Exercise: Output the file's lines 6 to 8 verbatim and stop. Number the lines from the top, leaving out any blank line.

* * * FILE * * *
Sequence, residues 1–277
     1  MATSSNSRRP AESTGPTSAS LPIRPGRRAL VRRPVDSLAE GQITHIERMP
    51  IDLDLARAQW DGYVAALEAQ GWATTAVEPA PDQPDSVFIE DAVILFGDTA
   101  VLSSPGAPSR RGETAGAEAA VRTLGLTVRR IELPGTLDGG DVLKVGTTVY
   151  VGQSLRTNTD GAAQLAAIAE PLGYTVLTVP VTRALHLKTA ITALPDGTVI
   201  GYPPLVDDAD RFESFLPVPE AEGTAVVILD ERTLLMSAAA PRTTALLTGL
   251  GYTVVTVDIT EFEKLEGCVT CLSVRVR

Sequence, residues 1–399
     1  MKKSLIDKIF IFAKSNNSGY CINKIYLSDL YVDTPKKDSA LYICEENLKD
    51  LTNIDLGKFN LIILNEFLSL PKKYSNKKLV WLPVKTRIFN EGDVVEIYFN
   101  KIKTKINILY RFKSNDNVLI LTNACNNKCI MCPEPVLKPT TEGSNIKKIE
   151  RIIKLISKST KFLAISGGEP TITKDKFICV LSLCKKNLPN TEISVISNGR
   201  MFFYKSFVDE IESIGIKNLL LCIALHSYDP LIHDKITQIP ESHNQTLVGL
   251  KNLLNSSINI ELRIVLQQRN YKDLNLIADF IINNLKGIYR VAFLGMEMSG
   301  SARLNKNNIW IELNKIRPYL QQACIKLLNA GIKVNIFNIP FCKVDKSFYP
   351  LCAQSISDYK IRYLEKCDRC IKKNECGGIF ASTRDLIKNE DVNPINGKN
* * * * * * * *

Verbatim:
   201  GYPPLVDDAD RFESFLPVPE AEGTAVVILD ERTLLMSAAA PRTTALLTGL
   251  GYTVVTVDIT EFEKLEGCVT CLSVRVR

Sequence, residues 1–399